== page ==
Some Aspects of Phase
Equilibria Behavior and
Verification
10
CONTENTS
10.1 Introduction ..................................................................................................... 113
10.2 Discussion and Results .................................................................................... 114
10.3 Conclusion ....................................................................................................... 118
Keywords ................................................................................................................. 119
References ................................................................................................................ 119
10.1 INTRODUCTION
Liquid-liquid equilibrium data are essential for the comprehension of extraction pro-
cess, and solvent capacity, solubility, selectivity, and other extraction variable can be
estimated from these data. The efficient separation of organic acids and alcohols from
aqueous solution is an important subject in chemical fermentation industries and many
solvent have been used to improve the recovery processes [1, 2].
The phase behavior experimental data for (water + carboxylic acid + 1-octanol)
and (water + carboxylic acid or alcohol +1-hexanol) systems were reported by Senol
[3, 4]. Letcher and Redhi [5] studied the phase behavior of (butanenitrile + a carbox-
ylic acid + water) systems and Bilgin et al. [6] tested the ternary system behavior of
(water + propionic acid + alcohol) systems.
Certain liquid-liquid equilibrium data of the ternary systems were also investigated
by non-random two liquid (NRTL) [7], universal quasi chemical theory (UNIQUAC)
[8], universal functional group activity coef cient (UNIFAC) [9], Dortmund modi ed
UNIFAC [10] models. The experimental data [3, 4] were used in order to analysis the
liquid-liquid equilibrium behavior in this chapter. The experimental data [3, 4] were
compared with Aspen Plus 11.1.
The main purpose of this chapter is to verify the phase equilibria behavior for
ternary liquid systems, using different models. The NRTL [7] models for strongly
non-ideal mixture, and especially for partially immiscible systems, the NRTL equation
often provides a good representation of experimental data if the adjustable parameters
obtained by enough attention using experimental data. The UNIQUAC [8] equation
is applicable to a wide variety of non-electrolyte liquid mixture containing non-polar
114 Advanced Process Control and Simulation for Chemical Engineers
or polar uids such as hydrocarbons, alcohols, nitriles, ketones, aldehydes, organic
acid, and water including partially miscible mixture. With only two adjustable binary
parameters, it cannot always represent high quality data with high accuracy, but for
many typical mixtures encountered in chemical practice, UNIQUAC provides a satis-
factory description.
The UNIFAC [9] activity coef cient model is an extension of the UNIQUAC
model. It applies the same theory to functional groups that UNIQUAC uses for mol-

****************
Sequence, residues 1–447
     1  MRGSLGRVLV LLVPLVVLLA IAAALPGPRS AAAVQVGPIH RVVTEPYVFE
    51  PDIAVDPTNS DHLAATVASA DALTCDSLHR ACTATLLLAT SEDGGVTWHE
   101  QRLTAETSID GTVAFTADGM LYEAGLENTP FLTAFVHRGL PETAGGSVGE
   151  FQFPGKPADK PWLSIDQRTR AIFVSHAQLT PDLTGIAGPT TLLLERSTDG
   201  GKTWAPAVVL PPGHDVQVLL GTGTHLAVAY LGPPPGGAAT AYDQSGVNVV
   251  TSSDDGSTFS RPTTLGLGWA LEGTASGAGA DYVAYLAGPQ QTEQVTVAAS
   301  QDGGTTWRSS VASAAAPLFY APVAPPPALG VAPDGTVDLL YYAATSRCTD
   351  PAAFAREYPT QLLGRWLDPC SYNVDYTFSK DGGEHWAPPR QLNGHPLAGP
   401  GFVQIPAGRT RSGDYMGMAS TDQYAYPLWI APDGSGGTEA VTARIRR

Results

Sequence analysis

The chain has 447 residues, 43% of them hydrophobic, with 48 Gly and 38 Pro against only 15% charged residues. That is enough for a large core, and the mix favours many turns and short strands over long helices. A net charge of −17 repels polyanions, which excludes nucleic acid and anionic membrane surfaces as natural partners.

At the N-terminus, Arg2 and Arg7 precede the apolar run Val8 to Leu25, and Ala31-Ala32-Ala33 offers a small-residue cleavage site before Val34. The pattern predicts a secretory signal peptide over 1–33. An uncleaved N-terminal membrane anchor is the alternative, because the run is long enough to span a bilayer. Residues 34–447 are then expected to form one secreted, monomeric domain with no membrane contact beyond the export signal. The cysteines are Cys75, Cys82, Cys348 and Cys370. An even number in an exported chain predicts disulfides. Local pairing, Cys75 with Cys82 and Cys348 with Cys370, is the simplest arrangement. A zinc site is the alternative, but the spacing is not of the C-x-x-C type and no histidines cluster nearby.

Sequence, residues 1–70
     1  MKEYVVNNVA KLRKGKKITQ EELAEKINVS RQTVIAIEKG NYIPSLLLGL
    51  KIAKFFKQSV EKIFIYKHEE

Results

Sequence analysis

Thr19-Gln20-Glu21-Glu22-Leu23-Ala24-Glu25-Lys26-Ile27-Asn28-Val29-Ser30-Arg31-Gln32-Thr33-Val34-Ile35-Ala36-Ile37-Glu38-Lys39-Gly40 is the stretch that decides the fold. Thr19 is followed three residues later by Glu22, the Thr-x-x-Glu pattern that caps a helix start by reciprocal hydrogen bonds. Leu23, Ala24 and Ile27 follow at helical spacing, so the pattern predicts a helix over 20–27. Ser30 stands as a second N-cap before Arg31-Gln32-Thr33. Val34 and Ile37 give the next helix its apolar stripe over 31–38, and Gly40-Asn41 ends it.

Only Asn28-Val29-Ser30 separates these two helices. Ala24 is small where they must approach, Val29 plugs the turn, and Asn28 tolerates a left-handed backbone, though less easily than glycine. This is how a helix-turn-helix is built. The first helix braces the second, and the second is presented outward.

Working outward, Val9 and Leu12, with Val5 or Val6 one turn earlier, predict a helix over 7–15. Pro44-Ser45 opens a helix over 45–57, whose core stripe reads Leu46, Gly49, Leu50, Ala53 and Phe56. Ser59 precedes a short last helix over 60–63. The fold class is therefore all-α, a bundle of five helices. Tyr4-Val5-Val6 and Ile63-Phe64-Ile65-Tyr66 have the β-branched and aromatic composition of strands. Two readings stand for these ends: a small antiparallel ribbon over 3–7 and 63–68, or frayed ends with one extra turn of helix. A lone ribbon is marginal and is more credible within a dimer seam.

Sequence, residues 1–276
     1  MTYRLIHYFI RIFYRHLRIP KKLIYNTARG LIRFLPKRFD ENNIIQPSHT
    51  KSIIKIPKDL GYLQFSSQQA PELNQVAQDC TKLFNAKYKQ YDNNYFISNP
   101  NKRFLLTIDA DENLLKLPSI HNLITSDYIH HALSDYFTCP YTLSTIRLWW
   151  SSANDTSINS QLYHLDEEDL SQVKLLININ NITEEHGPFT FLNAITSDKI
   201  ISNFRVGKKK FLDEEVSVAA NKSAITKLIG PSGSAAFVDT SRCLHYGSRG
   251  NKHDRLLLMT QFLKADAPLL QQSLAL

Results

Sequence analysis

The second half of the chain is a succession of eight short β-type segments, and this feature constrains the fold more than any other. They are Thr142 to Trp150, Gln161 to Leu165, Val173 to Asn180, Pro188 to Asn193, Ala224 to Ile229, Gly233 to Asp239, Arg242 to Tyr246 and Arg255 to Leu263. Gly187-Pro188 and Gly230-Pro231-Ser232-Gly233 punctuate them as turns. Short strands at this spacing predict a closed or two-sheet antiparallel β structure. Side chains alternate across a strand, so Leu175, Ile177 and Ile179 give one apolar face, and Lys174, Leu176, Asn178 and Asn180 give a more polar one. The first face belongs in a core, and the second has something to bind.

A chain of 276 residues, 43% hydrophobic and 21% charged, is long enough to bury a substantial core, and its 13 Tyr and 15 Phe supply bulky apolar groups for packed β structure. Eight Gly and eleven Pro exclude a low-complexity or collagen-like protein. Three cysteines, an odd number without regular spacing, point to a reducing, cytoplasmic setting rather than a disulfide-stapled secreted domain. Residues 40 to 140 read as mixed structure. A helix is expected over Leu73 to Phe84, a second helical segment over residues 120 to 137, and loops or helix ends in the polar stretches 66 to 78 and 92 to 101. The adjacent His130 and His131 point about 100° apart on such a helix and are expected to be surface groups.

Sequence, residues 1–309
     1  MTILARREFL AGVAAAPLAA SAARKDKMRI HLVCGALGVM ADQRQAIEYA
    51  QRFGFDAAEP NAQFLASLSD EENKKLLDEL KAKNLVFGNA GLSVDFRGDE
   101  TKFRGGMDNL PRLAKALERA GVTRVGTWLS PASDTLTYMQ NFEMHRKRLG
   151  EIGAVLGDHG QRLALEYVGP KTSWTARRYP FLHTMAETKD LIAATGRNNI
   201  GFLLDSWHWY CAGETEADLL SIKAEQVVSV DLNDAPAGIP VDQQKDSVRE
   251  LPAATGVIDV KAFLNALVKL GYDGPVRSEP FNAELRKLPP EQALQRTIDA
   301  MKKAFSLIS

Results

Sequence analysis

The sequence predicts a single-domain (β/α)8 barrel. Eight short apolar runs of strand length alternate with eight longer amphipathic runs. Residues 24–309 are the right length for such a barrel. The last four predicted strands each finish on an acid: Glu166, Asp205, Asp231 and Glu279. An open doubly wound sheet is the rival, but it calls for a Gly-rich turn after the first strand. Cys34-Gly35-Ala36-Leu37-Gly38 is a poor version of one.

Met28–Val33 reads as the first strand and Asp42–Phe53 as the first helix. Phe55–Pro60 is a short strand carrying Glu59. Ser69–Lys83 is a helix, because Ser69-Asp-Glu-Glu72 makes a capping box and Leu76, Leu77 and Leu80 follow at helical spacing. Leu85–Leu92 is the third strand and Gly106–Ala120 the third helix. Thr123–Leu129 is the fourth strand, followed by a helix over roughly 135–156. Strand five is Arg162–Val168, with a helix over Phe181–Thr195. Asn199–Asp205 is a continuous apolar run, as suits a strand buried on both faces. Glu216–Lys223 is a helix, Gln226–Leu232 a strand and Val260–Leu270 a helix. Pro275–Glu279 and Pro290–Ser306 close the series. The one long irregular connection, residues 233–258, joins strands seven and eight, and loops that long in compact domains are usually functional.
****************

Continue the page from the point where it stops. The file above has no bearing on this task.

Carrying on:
ecules. A limited number of functional groups are suf cient to form an in nite num-
ber of different molecules. Group-group interactions determined from a limited, well
chosen set of experimental data are suf
cient to predict activity coef cients between
almost any pair of components. The UNIFAC (Fredenslund et al., 1975, 1977) can be
used to predict activity coef cients for VLE. For LLE a different dataset must be used.
Mixture enthalpies, derived from the activity coef cients are not accurate. This model
can be applied to VLE, LLE, and enthalpies (Larsen et al., 1987). Another UNIFAC
modi cation comes from the University of Dortmund (Germany). This modi cation
is similar to Lyngby modi ed UNIFAC, but it can also predict activity coef cients at
in nite dilution (Weidlich and Gmehling, 1987). The UNIFAC modi cation by Gmehling
and coworkers (Gmehling et al., 1993, Weidlich and Gmehling, 1987), is slightly dif-
ferent in the combinatorial part [10].
10.2 DISCUSSION AND RESULTS
The compositions of experimental data for the ternary mixtures of (water + acetic
acid +1-hexanol) and (water + acetic acid + 1-octanol) obtained at T = 293.15K,
atmospheric pressure are shown in Tables 1 and 2 [3, 4]. The corresponding tri-
angular diagrams for the ternary mixtures of (water + acetic acid +1-hexanol) and
(water + acetic acid + 1-octanol) are presented in Figures 1, 2, 3, and 4. The NRTL,
UNIQUAC, UNIFAC, and Dortmund modified UNIFAC equations of state were
used in order to compare with the experimental data. The comparison between
calculated and experimental compositions (water + acetic acid +1-hexanol) can be
seen in Figures 1 and 2.
TABLE 1 Experimental data compositions (mass fraction) at T = 293.15K
[3].
Water-rich 1-hexanol-rich
w
1
w
2
w
1
w
2
Water (1) + Acetic acid (2) + 1-hexanol (3)
0.9922 0 0.0305 0
0.9624 0.0296 0.0383 0.0198
0.9022 0.0889 0.0514 0.0648
0.8553 0.1345 0.0705 0.1032

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